Sunday, March 9, 2014

A Tribute To The Notorious B.I.G.; Ready To Die 20 Years Later

17 years ago to this day, The Notorious B.I.G. was murdered. Although far too young and at the peak of his music career, what Biggie Smalls left behind remains a legacy that is legendary. 2014 also marks the 20th anniversary of Ready To Die. The albums importance in hip hop can’t be denied and 20 years later, it’s still celebrated.

Ready To Die is one of the greatest debut albums hip hop has ever received. In 1994, Death Row Records had taken over mainstream rap and the crown in NY was wide open for reign. The Notorious B.I.G. held nothing back with his entrance to the industry and he began the resurgence of East Coast hip hop as well as claiming his spot as the new emcee to watch. His storytelling ability was unparalleled and artists for decades following continue to be influenced by his vivid lyrical flow and move-like presentation.

The album begins with “The Intro.” A heartbeat provides the rhythm and Puff’s voice increases in volume with every second as he supports a woman giving childbirth. Curtis Mayfield’s “Super Fly” and Sugarhill Gang’s “Rapper’s Delight” fades in painting a picture of Biggie’s childhood. Each track offers more insight into the life of Biggie from “Things Done Changed” where he reflects on the major increase in violence and murders in his community, to the single “Juicy.” The latter samples Mtume’s “Juicy Fruit” and brings light to a generally dark album. With simplicity and cadence, Biggie triumphantly describes his success: “celebratin’ every day, no more public housing/ Thinkin’ back to my one-room shack, Now my mom pimps a Ac’ with minks on her back.”

With little features, Ready To Die is Biggie in his rawest form. Although a guest appearance by Method Man on “The What” is an incredible duet expressing the gritty, combative and cocky style that was at the core of 90s hip hop. However, on “Gimme The Loot,” Biggie collaborates with himself, transitioning seamlessly between two characters that plot and then execute a stick up. His lyrical description is at an all time high during this track as he vividly spits scene by scene through the robbery, police interference and shoot out. Ending with a coughing spell from a celebratory blunt, the stick up was successful.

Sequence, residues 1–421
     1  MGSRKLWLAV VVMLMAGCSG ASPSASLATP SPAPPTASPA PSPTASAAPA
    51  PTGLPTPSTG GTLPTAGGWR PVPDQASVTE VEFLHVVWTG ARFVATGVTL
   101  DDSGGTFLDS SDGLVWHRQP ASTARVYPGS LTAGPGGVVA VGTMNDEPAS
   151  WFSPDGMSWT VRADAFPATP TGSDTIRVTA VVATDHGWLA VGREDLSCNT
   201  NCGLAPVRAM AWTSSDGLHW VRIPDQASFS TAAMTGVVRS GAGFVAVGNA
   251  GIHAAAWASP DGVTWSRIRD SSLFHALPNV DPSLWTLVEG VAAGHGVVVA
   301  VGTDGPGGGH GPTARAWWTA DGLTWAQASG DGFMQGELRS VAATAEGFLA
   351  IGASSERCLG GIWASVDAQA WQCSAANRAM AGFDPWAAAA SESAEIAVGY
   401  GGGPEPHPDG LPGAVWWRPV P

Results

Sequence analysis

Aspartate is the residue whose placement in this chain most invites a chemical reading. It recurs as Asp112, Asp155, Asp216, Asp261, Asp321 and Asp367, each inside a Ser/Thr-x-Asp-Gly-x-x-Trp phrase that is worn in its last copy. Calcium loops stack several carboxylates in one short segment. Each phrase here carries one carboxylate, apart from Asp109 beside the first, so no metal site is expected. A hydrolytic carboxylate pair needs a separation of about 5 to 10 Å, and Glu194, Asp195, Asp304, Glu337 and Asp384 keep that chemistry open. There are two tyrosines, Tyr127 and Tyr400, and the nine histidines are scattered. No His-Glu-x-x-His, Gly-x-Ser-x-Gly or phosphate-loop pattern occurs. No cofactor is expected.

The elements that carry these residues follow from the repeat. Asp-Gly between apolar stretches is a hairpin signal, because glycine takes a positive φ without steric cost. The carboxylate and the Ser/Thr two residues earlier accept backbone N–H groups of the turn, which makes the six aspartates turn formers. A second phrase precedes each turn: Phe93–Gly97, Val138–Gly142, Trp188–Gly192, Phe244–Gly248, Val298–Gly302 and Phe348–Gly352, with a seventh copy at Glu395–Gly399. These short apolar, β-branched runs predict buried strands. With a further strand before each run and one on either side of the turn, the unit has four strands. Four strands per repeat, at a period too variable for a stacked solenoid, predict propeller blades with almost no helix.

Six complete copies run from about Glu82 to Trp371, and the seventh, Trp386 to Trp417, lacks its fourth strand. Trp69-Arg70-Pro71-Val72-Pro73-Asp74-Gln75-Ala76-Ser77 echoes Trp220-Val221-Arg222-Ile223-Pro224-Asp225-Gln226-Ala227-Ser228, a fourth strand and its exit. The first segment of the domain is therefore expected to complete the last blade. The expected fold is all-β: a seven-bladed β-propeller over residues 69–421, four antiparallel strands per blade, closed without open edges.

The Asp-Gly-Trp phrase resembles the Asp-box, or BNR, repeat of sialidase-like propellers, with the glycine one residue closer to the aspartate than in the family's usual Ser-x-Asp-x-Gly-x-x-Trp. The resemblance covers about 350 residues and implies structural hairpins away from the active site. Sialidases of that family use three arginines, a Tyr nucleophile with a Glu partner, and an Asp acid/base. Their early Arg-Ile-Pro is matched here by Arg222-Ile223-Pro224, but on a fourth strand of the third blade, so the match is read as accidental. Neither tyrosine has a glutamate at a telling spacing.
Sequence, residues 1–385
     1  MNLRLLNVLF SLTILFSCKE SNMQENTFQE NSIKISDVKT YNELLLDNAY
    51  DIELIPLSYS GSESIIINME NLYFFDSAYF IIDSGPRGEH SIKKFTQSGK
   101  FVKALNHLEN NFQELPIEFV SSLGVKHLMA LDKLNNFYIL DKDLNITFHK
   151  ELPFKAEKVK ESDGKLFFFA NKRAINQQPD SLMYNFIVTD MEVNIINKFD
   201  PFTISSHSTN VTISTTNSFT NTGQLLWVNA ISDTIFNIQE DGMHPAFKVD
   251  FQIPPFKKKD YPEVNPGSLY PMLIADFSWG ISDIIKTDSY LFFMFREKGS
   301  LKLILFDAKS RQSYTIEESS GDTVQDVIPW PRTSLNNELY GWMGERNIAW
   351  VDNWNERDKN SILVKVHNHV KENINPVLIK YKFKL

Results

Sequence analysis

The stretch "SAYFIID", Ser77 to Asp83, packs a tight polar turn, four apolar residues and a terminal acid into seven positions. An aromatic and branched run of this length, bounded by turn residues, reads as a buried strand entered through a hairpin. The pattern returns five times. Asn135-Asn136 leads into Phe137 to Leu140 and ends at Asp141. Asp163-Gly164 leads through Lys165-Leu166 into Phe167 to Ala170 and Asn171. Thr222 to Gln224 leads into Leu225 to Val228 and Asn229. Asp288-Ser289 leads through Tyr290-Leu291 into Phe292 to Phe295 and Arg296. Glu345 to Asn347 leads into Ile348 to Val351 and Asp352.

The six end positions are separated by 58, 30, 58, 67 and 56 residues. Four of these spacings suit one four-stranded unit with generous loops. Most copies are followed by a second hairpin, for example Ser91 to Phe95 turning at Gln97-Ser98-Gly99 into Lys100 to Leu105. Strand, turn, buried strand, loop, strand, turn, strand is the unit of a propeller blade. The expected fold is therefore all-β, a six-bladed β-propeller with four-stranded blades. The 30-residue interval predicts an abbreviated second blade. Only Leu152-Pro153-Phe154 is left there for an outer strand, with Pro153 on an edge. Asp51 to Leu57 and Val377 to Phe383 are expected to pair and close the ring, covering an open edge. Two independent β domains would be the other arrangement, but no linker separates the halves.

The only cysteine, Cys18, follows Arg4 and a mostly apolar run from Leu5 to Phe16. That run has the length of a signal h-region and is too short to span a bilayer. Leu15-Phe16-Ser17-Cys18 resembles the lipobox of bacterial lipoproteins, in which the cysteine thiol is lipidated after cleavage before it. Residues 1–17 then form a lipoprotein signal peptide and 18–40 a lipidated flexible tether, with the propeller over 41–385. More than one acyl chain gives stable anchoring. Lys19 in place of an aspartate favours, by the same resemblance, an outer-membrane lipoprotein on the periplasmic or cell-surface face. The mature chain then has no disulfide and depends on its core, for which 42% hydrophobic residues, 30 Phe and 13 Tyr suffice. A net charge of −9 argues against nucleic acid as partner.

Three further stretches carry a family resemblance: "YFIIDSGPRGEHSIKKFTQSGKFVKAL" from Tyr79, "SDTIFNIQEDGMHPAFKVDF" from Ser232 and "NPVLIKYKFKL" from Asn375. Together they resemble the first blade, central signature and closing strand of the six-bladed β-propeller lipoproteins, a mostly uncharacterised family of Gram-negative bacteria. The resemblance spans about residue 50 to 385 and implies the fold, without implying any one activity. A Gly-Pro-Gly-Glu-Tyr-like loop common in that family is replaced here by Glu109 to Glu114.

As much as Biggie was a gangster, he was equally a lady’s man. “Me & My Bitch” and “Big Poppa” cater to the women and provide a softer, human dimension to the artist. “Me & My Bitch” tells the story of the ultimate wifey of a hustler who knows no boundaries when it comes to holding it down. With production by The Bluez Brothers, Chucky Thompson and Puffy, Biggie raps with a slight gentleness, making it clear that despite his normal sound, The Notorious was a romantic. “Big Poppa” follows “Me & My Bitch” and his flow is nothing short of iconic. “Things to make you smile, what numbers to dial/ You gon’ be here for a while, I’m gon’ call my crew/You go call your crew/ We can rendezvous at the bar around two.” You can’t help but smile at his smooth pick up lines and charisma that was as infamous as it was effective.

The album ends with arguably, Biggie’s greatest lyrical portrayal. “Suicidal Thoughts” details a frightening phone call between himself and Puff, as Big with exceptional lyricism explains why he’s ready to end his life. Lying, stealing, cheating, Biggie puts all his past crimes on the table and by the end, he’s “sick of talking.” A gunshot overpowers Puff’s pleading and the song ends as the album began, with a heartbeat. Except the rapid heartbeat slows until it’s non-existent and the phone operator is the last voice we hear.

Ready To Die encompasses so many layers sonically and is essentially a movie, showcasing Biggie’s childhood to early fame. This debut solidified him as a lasting presence in the game. The caliber of Ready To Die was why they considered the 90s to be the Golden Era and why Biggie is still a legend today. Although many emcees have tried their hand at the theatrical stories Biggie so eloquently mastered, Big claimed the title in 1994 and still remains today as hip hop’s greatest storyteller.

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